Not part of my Nature article, but interesting nonetheless, is that the jets—composed of gamma-ray emitting charged particles—could have inflated the bubbles. To do so, the “faint, pathetic jets” observed by Fermi would have had to be much brighter, and carried more energy, in the past, says Finkbeiner. “We infer that that most of the time over the last million years, the jets have been perhaps ten times as bright.”
He adds that Fermi does not see the jets within about 10,000 light-years of the galaxy’s center, an indication that Sagittarius A* switched off its activity some 20,000 to 30,000 years ago, assuming the jets travel at about one–third the speed of light.
The artist’s illustration below, which shows the jets going all the way to the Milky Way’s center, reflects how the jets used to appear, not how they appear now.
Is the blob seen near the bright star Fomalhaut a planet or not? Only Hubble has ever seen the point of light, but new Hubble observations scheduled for end of May, plus a reanalysis of previous Hubble data may help settle the question. See my story posted May 23 at news section of Nature.
NASA’s Dawn spacecraft won’t end its 13-month-long visit to Vesta, the Solar System’s second biggest asteroid, until August, but researchers have now solidified the rock’s reputation as an archetype for understanding planetary evolution. In six reports in the 11 May edition of Science, Dawn mission scientists have confirmed several long-held assumptions about Vesta and detailed some puzzles about the roughly 520-kilometer-diameter body.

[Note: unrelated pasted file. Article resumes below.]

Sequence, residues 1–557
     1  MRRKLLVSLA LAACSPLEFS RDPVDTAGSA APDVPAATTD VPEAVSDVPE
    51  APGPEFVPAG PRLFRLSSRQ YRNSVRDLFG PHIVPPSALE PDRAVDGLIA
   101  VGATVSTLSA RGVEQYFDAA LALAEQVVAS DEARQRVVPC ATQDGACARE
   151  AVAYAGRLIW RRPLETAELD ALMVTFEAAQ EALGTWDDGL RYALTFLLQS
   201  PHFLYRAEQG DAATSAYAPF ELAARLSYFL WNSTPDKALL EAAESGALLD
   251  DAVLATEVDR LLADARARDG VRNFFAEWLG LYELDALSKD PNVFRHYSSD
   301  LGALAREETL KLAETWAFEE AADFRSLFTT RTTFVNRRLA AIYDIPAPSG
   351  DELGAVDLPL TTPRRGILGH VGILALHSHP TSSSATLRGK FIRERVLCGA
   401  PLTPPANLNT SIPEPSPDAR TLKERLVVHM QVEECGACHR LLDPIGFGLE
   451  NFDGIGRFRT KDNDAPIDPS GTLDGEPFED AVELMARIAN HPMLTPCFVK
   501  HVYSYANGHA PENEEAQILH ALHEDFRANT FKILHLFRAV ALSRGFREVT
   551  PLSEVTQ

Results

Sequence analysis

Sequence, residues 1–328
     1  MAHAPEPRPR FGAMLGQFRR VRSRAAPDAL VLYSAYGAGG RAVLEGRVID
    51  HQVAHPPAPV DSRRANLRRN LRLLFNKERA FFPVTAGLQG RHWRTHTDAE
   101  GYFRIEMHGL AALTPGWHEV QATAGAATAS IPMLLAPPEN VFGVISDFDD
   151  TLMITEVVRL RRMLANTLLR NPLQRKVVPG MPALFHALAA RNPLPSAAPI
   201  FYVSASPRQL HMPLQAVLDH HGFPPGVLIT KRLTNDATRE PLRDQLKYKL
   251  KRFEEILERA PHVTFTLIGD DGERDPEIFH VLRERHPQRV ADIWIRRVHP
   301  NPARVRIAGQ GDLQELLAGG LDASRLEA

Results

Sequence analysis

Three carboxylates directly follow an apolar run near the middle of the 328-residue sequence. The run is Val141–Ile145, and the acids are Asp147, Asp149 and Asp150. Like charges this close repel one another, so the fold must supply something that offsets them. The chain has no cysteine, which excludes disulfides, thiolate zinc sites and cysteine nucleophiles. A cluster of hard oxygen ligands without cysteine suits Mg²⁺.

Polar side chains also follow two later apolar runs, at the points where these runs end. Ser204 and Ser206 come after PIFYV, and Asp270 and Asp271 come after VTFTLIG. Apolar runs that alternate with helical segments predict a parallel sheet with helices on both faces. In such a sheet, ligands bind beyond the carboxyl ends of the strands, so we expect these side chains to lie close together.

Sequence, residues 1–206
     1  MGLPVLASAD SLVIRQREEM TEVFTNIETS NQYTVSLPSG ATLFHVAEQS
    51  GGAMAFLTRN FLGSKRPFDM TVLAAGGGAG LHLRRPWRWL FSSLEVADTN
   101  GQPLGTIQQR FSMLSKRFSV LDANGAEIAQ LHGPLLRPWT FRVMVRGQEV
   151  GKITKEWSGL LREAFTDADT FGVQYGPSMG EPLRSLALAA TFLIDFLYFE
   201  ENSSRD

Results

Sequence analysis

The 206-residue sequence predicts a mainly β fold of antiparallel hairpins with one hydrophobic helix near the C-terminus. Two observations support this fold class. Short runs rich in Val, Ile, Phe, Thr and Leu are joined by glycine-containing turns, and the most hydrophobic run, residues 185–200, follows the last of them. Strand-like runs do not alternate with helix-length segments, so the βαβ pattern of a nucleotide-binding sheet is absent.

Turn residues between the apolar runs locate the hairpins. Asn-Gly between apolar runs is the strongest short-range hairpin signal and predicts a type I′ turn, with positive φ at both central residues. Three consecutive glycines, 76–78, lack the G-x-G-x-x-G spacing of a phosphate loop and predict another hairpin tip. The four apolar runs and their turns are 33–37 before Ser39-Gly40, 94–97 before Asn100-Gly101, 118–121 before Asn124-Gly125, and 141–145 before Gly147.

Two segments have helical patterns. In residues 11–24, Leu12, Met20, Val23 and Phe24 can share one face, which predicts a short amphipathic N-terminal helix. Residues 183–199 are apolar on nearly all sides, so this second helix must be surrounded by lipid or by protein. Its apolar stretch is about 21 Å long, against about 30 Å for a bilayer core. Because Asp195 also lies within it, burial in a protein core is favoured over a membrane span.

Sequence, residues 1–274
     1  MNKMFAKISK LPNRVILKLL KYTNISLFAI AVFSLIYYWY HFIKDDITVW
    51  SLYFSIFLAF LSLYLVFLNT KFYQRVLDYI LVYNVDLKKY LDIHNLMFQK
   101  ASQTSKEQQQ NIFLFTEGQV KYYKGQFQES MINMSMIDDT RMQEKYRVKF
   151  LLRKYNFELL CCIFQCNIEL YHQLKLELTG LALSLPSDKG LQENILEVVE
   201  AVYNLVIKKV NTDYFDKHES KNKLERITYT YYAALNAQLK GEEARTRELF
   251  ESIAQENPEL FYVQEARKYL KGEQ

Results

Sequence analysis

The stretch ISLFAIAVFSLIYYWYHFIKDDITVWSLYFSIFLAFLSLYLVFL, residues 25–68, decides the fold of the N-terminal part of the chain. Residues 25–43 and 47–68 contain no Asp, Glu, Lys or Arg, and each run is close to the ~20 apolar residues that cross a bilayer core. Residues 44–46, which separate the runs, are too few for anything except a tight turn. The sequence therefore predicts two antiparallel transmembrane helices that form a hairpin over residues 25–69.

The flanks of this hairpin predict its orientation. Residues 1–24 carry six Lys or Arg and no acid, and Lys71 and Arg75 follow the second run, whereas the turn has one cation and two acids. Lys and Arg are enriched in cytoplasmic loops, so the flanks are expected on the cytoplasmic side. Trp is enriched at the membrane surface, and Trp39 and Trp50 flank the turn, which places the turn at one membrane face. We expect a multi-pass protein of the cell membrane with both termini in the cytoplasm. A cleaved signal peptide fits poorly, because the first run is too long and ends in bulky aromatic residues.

NatureNews (blog) Ron Cowen: Vesta confirmed as venerable planet progenitor ; the ‘confirmed’ in the hed is a good way to say this is not surprise news, but incremental news. Cowen, on constant prowl for news before it is wide news, includes a link to a previous post on Vesta’s topography and what it might mean, from meetings last fall.
Survey finds no hint of dark matter near Solar System
In the largest survey of its kind to date, astronomers scouring the space around the Solar System for signs of dark matter — the hypothetical material believed to account for more than 80% of the mass in the Universe — have come up empty-handed.
If confirmed, the surprising result would upend a long-established consensus, researchers not involved in the study say. For decades, cosmic theories have relied on dark matter — which exerts gravitational pull but emits no light — to be the hidden scaffolding that explains how structure arose in the Universe, how galaxies formed and how the rapidly spinning Milky Way manages to keep from flying apart. Without dark matter, theorists say, the visible material in the Universe, such as stars and gas, would not have the heft to do the job alone.
The rest of the article explains how the research was conducted and what the scientific community thinks of the finding.
[NatureNews’] ace scoop-hungry reporter Ron Cowen late last week filed on a report, at the preprint server for physics-related news arXiv, that a large international team has gotten an image of a galaxy as it was when the universe was a mere 490 million years old.
Cowen writes the story well, and includes the enticing angle that if NASA’s Webb Telescope survives its budgetary excesses and goes into operation, its large IR mirror should offer a much better look at this galaxy – dubbed MACS1149-JD1.
American Scientist republished part of the article as part of its Science in the News section, which is a roundup of the most important and exciting science news pieces.
The article was mentioned here, on my Tumblr site, shortly after publication.